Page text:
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Wacky Oregon Coast History: Nov. 12 is Happy Exploding Whale Day, New Facts

Updated November 10, 2022
By Oregon Coast Beach Connection staff

Wacky Oregon Coast History: Nov. 12 is Happy Exploding Whale Day, New Facts

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(Florence, Oregon) – According to some studies, including one done by the BBC, it’s the most watched TV news report of all time on the Internet. The infamous Exploding Whale of the Oregon coast was a remarkable and bizarre event back in 1970 in the little town of Florence, but it reached an insane and ever-growing legend status over the decades since. (Still shot above from the video clip by KATU).

For about a decade now, November 12, the day it happened, has actually acquired the greeting of “Happy Exploding Whale Day.” You find the salutation mostly on the internet every anniversary of the event, but you’ll occasionally hear it shouted in Portland, Oregon bars that week as state residents revel in the quirky milestone that brought some interesting attention to it.

Every year, it seems, new fun facts about the Exploding Whale come to light, including a goofy celebration held by locals, Exploding Whale Day’s connection to another infamous Oregon resident, and more.

It all began on November 9 when a gray whale washed up on the beach at Florence. It turns out, for those who want to make a pilgrimage, that spot is about a mile south of the south jetty in Florence.

A few days later, on November 12, hordes of media, spectators and crews from what was then called the State Highway Division (later ODOT, for Oregon Department of Transportation) gathered at the beach to watch a rather unique way of disposing of a dead whale carcass: the division had decided to blow it up.

Among the media was a young Paul Linnman, news reporter for KATU TV channel 2 in Portland. He’d started there a year earlier. With him was cameraman Paul Brazil. Together they documented hilarious history in a clip that in some ways has become more famous than the incident itself.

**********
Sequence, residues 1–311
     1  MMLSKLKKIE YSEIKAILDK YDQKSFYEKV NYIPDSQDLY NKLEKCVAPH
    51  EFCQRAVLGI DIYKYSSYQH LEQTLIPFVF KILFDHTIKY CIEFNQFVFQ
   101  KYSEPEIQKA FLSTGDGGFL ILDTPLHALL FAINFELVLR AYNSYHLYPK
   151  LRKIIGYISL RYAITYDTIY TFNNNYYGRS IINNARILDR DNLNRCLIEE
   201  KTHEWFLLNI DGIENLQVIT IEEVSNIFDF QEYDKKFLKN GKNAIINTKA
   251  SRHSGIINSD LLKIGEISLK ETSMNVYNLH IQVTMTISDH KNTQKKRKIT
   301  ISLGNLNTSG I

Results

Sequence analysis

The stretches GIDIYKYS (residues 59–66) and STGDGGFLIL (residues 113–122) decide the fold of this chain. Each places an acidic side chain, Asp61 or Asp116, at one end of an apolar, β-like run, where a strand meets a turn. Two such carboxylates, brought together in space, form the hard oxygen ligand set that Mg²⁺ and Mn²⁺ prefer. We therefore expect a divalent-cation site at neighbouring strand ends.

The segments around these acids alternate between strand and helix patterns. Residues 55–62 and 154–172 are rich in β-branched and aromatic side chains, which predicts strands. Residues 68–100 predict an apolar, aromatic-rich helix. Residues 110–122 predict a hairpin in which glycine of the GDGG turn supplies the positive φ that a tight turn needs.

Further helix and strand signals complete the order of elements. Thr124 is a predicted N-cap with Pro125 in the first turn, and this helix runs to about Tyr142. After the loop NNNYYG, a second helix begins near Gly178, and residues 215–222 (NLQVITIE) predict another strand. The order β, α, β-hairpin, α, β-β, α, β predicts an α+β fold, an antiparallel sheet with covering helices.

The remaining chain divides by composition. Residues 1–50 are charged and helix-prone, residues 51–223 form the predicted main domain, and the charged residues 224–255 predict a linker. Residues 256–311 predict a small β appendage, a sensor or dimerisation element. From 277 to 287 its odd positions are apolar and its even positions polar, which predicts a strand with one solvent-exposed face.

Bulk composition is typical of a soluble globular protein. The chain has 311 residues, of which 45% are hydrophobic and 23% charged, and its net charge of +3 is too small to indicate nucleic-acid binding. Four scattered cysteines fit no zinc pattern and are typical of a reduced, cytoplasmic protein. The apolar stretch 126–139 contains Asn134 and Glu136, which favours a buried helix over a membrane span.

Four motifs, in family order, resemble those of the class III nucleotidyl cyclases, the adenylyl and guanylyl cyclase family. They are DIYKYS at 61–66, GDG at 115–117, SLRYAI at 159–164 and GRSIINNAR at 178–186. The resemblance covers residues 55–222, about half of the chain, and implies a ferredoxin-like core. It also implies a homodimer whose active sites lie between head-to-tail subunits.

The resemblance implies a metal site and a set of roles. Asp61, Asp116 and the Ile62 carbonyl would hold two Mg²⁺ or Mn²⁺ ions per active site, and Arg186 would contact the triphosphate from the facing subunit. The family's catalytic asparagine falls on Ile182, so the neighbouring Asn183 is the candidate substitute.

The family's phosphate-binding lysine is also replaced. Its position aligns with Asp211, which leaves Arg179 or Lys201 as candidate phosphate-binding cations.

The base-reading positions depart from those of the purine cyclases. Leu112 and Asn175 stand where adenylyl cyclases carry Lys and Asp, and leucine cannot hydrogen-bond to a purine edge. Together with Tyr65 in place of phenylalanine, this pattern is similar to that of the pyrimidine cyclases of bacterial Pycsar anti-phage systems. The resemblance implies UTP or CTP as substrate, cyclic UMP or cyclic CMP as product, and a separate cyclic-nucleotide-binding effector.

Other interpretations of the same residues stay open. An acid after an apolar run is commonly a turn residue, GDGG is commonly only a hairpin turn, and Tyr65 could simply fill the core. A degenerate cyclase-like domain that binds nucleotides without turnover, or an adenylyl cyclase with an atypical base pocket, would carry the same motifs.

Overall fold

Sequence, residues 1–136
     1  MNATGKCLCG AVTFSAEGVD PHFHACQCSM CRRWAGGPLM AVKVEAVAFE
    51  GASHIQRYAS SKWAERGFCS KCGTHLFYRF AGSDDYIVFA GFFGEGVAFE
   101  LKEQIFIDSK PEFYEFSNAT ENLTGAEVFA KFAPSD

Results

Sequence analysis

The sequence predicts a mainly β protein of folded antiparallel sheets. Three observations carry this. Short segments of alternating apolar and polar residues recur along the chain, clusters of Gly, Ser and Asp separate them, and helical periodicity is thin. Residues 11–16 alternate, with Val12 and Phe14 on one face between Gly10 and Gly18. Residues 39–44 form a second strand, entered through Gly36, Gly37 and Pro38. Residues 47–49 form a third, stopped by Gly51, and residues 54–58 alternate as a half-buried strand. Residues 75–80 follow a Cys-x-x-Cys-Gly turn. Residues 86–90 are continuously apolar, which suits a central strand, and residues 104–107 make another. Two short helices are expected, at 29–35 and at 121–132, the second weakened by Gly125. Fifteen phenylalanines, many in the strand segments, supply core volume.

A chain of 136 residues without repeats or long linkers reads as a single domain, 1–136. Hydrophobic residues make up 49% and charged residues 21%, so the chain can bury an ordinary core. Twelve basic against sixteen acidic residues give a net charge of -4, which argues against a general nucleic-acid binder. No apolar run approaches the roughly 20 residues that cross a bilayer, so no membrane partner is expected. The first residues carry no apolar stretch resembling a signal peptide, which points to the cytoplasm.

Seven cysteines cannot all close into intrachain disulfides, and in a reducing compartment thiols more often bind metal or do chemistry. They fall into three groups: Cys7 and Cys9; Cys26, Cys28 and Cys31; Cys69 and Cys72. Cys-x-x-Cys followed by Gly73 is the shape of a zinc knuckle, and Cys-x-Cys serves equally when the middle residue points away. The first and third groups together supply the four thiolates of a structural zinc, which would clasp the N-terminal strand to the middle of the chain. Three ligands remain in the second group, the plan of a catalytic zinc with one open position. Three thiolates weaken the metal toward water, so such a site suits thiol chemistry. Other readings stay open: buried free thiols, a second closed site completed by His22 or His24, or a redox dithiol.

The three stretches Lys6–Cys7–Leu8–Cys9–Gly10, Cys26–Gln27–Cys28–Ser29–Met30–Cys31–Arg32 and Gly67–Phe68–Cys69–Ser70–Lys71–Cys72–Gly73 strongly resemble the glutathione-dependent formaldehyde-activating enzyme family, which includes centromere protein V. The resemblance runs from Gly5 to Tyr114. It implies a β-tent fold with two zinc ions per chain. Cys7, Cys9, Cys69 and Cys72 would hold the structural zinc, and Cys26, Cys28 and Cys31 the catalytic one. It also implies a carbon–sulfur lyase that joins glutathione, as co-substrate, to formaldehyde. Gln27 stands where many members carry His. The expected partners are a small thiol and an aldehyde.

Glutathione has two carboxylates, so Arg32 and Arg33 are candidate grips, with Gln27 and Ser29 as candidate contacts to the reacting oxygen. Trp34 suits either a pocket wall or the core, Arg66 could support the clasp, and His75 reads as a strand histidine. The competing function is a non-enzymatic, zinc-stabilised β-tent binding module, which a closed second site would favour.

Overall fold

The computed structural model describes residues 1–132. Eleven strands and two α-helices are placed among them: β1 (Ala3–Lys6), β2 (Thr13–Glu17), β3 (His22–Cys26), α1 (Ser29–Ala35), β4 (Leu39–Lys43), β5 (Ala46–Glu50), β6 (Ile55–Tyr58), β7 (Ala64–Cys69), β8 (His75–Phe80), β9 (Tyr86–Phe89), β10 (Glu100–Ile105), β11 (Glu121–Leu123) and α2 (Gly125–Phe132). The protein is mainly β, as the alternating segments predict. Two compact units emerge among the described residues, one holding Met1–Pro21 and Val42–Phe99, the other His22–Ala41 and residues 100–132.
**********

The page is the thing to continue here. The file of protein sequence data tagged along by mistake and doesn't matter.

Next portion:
They snagged footage of engineer George Thornton talking about how the intention was to blow it to bits and have the beach critters gobble it up, and the idea was some parts would be blown into the ocean. Planting some 20 cases of dynamite on the leeward side of the whale (facing the land) would supposedly do this trick.

Early on, Linnman makes the famed statement of alliteration: “The blast blasted blubber beyond all believable bounds.”

The countdown is shown and in dramatic fashion you see the carcass blown into a pink, triangular mass. It’s estimated the goo and gore rose some 100 feet into the air. In the background you hear awe and wonder, and then suddenly you hear a “plop, plop...plop” increasing in frequency as the voices turn to shock. The film cuts off and Linnman explains they and everyone else had to run.

It’s here you start to really chuckle.

Switching to shots of blubber on cars, including one that had been crushed, it turns out there’s not just chunks of whale falling everywhere but a nasty pink mist. Now, things smell even worse and the public hightails it for their cars.